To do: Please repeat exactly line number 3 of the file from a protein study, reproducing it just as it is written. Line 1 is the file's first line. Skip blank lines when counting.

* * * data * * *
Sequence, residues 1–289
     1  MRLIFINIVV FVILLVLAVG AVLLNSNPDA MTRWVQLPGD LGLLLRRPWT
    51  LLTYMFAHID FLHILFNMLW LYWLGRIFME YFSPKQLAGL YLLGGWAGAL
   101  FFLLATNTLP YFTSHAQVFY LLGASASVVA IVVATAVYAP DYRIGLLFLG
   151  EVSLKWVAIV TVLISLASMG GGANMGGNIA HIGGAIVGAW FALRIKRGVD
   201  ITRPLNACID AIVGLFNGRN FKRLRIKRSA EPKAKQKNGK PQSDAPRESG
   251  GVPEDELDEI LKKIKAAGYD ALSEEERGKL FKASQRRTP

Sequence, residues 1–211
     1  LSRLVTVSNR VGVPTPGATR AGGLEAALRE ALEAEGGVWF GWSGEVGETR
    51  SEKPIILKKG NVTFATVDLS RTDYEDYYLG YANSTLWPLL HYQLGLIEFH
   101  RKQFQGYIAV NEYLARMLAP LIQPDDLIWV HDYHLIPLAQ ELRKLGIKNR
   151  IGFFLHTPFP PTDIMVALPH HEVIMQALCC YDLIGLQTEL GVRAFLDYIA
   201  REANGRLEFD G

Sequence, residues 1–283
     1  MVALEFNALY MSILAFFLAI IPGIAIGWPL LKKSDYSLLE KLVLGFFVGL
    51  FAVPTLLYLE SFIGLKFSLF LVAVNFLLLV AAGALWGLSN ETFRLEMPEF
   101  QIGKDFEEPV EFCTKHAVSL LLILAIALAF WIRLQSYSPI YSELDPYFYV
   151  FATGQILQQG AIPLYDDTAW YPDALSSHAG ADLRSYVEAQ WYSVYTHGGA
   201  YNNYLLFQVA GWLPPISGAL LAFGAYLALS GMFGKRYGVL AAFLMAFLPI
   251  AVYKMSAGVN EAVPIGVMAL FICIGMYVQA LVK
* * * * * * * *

    51  LLTYMFAHID FLHILFNMLW LYWLGRIFME YFSPKQLAGL YLLGGWAGAL